Friday, 23 August 2013

I can't be trusted in bookshops alone

I love to read, give me books and cups of tea and leave me alone, I won't complain.


Books are something you can take outside and sit reading while you enjoy the sunshine, or you can curl up with one under blankets at the fireside.

Oh goody! If it's raining I can spend all day inside with my books
Most of the books, and many of the clothes, I own are second hand (at least) charity shops are my supplier of choice.

They have clothes that come in a variety of styles and qualities, Hobbs and Jaeger often sharing a rail with Primark, all at prices I can totally afford. Some days you're going to want to buy everything, some days you won't see a thing. You learn to be decisive as well, that dress might be exactly the perfect thing for that event and just the right colour to match your shoes and only £3.99- but it's four sizes too big and those sweat stains under the arms probably aren't coming out so don't bother. On the other hand you would never have picked up a lilac silk blouse with yellow and turquoise swirls when it was full price, but at only £2.50 it's worth a chance.

Books are the same, you get to see everything all lined up together, occasionally there are attempts to separate them into sections of "Crime" "Romance" and "General Fiction" but generally only in the bigger shops, or ones entirely devoted to books. I prefer the ones where everything is just piled in, no attempt to order alphabetically or by size or anything, just put it where ever it fits and let the covers fight it out. This way you don't start looking with any preconceived ideas, it's just a gamble of whatever you pick up.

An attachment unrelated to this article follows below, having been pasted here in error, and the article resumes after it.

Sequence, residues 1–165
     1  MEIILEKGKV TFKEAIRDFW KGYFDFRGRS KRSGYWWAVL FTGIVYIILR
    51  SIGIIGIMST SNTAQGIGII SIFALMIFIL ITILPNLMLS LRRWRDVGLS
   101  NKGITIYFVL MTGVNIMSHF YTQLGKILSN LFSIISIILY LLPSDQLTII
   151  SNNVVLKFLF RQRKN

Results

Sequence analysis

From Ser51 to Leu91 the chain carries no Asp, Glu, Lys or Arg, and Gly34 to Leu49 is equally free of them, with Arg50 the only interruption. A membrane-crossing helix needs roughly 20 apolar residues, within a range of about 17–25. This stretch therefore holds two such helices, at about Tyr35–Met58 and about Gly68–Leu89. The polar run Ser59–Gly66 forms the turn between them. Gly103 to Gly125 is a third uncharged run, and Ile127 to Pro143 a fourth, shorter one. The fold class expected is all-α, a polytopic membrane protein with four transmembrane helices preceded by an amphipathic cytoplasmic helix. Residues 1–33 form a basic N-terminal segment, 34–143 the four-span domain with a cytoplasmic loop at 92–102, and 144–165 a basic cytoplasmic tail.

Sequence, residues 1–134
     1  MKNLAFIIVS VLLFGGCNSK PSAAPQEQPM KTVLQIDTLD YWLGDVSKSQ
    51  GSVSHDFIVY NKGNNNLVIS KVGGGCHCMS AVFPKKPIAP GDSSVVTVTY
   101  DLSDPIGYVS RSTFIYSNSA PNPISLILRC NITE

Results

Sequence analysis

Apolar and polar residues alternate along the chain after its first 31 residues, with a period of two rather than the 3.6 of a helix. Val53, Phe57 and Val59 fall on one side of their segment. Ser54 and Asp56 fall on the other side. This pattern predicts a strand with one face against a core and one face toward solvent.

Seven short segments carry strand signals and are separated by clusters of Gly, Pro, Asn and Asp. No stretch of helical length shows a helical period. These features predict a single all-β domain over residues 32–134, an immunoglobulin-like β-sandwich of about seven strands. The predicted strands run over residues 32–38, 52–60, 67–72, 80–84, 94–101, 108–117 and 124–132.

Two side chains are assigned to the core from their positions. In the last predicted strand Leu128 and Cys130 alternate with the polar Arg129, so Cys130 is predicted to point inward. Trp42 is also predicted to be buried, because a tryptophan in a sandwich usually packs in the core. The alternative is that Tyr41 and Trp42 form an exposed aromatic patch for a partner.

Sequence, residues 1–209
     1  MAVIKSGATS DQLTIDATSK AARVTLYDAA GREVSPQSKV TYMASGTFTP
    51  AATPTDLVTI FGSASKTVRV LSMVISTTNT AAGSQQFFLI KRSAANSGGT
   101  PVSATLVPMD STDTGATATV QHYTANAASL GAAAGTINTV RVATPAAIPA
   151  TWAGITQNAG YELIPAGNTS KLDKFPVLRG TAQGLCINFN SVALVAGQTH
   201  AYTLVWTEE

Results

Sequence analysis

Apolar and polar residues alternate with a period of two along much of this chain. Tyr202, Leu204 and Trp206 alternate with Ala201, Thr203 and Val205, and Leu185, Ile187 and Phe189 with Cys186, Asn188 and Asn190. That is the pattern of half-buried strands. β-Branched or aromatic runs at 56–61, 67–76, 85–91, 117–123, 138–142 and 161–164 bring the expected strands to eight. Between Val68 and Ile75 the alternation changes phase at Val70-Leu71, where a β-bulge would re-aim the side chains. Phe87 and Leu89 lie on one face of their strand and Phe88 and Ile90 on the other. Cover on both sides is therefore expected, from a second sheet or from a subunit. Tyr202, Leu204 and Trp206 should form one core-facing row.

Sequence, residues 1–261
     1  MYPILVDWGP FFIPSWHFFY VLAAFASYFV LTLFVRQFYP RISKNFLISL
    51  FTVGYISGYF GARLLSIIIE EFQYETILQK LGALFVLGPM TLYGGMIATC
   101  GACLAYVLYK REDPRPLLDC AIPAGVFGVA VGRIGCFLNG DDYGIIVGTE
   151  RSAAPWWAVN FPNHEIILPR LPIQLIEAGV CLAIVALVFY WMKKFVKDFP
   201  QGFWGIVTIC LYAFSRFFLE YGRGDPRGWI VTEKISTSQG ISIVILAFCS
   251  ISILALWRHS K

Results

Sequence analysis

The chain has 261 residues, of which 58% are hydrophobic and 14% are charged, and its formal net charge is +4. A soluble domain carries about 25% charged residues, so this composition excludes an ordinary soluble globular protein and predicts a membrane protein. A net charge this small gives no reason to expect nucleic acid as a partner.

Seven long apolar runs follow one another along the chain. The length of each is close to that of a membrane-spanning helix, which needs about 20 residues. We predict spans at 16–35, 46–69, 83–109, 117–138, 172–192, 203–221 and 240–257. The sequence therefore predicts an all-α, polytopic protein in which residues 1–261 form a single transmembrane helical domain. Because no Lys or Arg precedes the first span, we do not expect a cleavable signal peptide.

Admittedly it can still be as hit and miss as the clothing section, that book so many people have raved about but which seems to missing the first chapter? A Christmas Carol? You have always told yourself you'll read it one day, and for only 50p...

Sometimes the books you buy in charity shops aren't the prettiest editions, but it really is what's on the inside that counts and for less than two quid are you really going to be picky? Books that spend a couple of weeks in the bestsellers charts will generally always be found in charity shops, I picked up a copy of Caitlin Moran's How To Be A Woman about a fortnight after it had been released in paperback. That was one which went straight back almost immediately but it had only cost me £1 and that money went to a cause so I don't feel in the slightest bit miffed that I didn't enjoy the book. If however I'd have shelled out the RRP of £7.99 for a paperback with a boring cover, well... On the other hand I picked up Arabella by Georgette Heyer a while ago and every day is a struggle not to order her complete works.

I do buy full priced books, sometimes I even buy ones that I end up hating, but not often, I buy books upon their release when they're from an author I adore and if I see a special edition of a book I love (the Penguin clothbound editions for example...

Beautiful books are a luxury but books and stories aren't, second hand clothes might give you the squicks so walk past them, support charities and fill your houses with literature.

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